By Michael Goldstein
By Dennis Romero
By Sarah Fenske
By Matthew Mullins
By Patrick Range McDonald
By LA Weekly
By Dennis Romero
By Simone Wilson
When I moved to L.A. in ’96 from Seattle to do Goatsnake, I got a job at Aron‘s. I’ve never been treated worse in my life than at Aron‘s. Talk about a group of the most pretentious fucking people! Record store lackeys that are making like 4 dollars an hour, punching out for your 10-minute smoke breaks, they were a bunch of fucking losers, nothing going on musically or artistically. I almost gave up and moved back to Seattle. Ironically, the people that were the coolest to me at Aron’s were the people that had the most shit going on for them as musicians.
A friend got me a job at Caroline Distribution, answering phones, making copies, just crap. Stupid shit. But I got to hear all the music coming in from all the labels we distributed. It opened up a whole new world, and I was being exposed to it for free. I became friends with people at the different labels Caroline was dealing with, and so I learned from them how labels work. I moved up at Caroline, all the while doing music on the side with Goatsnake. Eventually I got tired of selling other people‘s records. Some of the stuff people were putting out, I was like, “Dude . . . I don’t wanna put my name behind this.” I held on for a while and then I decided to take a chance. Do my own thing.
SET MODEST, ATTAINABLE GOALS.
Burning Witch had continued on after I left, and they made a recording. And then eventually Steve came down here. Me and him were supposed to put out the Burning Witch and the Thorr‘s Hammer material with these other labels, and people just kept on flaking. A friend of ours who was really into this stuff, he was like, “You guys gotta put this out. I’ll give you the money, just pay me back.” And so we just did it. We just wanted to document it, get it out there.
MANIFEST THE BRAND: NAME, LOGO, IDENTITY.
Me and Steve would carry bottles of Southern Comfort around everywhere to parties and just get wasted. We were trying to think of a name for the label and I was just like, “Southern . . . Lord.”
Steve‘s a real amazing artist as far as like graphic design, and musically as well. His portfolio is sick. He’s done a lot of all the real famous Burzam covers, he‘s done Mayhem, Emperor. People love the designs. People want the package. Even if you’re not 100 percent into the music on the record, you buy it for the artwork.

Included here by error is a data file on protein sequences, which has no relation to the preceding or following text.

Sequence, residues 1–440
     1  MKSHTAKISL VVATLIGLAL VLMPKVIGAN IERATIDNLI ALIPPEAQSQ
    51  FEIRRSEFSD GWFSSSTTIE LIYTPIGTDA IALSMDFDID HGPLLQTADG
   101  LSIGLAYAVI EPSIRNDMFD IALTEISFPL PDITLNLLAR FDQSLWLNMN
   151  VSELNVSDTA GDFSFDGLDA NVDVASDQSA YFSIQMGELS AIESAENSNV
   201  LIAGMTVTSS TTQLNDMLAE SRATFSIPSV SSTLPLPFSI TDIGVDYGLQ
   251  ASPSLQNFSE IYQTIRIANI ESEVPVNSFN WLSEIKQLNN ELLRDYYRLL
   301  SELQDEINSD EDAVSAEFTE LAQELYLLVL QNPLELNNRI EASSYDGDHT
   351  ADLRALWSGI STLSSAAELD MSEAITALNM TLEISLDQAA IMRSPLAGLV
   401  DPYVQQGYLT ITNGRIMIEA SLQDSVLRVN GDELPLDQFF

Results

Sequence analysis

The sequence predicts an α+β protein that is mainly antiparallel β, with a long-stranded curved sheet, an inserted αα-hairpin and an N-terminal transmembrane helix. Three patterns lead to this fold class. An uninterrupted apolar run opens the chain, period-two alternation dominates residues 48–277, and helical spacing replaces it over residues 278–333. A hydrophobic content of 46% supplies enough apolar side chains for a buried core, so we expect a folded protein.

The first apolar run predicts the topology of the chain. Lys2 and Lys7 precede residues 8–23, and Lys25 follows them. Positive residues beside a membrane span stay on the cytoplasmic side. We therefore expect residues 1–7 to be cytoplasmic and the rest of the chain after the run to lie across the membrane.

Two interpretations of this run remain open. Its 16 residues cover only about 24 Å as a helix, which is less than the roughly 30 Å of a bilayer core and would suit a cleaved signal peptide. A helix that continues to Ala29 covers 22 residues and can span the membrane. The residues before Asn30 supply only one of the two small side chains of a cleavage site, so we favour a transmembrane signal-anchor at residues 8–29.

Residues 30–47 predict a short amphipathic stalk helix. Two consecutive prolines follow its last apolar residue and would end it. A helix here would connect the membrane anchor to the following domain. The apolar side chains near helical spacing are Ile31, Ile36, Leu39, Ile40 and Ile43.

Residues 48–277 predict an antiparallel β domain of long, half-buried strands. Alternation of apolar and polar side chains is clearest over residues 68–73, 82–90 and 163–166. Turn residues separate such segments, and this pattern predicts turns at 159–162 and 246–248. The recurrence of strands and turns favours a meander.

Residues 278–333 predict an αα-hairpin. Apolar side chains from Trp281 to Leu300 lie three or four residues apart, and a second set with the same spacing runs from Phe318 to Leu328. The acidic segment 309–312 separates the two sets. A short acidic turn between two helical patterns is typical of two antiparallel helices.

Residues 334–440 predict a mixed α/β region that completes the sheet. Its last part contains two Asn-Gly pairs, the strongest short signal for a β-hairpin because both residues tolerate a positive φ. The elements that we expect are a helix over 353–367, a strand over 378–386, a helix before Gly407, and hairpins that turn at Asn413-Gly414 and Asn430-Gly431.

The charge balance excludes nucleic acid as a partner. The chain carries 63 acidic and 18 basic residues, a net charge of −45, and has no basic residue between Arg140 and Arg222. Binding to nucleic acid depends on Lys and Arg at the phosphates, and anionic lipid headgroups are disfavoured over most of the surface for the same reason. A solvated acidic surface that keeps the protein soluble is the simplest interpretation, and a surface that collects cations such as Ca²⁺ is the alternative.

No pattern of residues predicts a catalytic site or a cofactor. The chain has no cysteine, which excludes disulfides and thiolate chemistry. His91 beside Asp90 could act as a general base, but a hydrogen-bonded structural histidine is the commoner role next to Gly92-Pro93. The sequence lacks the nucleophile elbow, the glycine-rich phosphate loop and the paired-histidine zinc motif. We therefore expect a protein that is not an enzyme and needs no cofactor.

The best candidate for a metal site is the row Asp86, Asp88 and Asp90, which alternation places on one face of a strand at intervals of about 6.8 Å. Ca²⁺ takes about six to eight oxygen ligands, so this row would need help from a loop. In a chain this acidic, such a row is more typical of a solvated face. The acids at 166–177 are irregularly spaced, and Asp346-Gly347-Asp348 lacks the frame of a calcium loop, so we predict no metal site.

The name Southern Lord doesn‘t really have much meaning, I just thought it sounded cool. Some people try to tie the label to this Satanic thing, and I’m like not really into that at all. I don‘t have any affinity to any sort of religion, really. I just put out this band called Place of Skulls, which is the guitar player from this old band called Pentagram, who were a pretty Satanic band. But his new band is Christian. They’re not blatant about it, they‘re just Christians. And people have been giving me shit: “What’s so evil about Place of Skulls, those guys are fucking Christians!” Well, I never claimed to be evil or Satanic.
People ask, “What is Southern Lord? Are you a stoner rock label? Are you a doom metal label? Are you a death metal label?” Our label puts out heavy, intense music, that‘s all. We’ve been lucky to escape the “stoner rock” label. Would you call Black Sabbath a stoner rock band? No. They‘re a heavy band. I just think labeling music in general is kinda silly. Sabbath are, for lack of a better word, the grandfathers of “doom metal,” but Melvins, St. Vitus, Trouble and Pentagram are just as important: They took Sabbath and fused it with more of a heavy metal thing, and that fusion comprises what I would call doom metal.
A lot of people think taking drugs and playing as slow as you can is what Southern Lord is about. Which it is -- kind of.
MAINTAIN BRUTAL FOCUS.
Initially, I didn’t really have any goals beyond the Burning Witch and Thorr‘s Hammer records. And those two records did really good: We got distribution, people were into it, our money was coming a back. We were stoked. The guys from the Obsessed who had been playing with me in Goatsnake were like, “Hey man, there’s all this unreleased Obsessed stuff, if you wanna put it out.” We‘re like, yeah, there’s a great band that didn‘t really get a lot of exposure. And these really rare and unreleased tracks we were getting for this compilation were killer stuff. So we used the money from the first two releases and put out that third record. And then that did great.
The whole time that this is going on I’m in Goatsnake. The fourth release happened because we were over in Europe touring with Electric Wizard, and it was just like, “Man, this band is awesome, I wanna put out a record.” And so we did. That‘s how it kept going.
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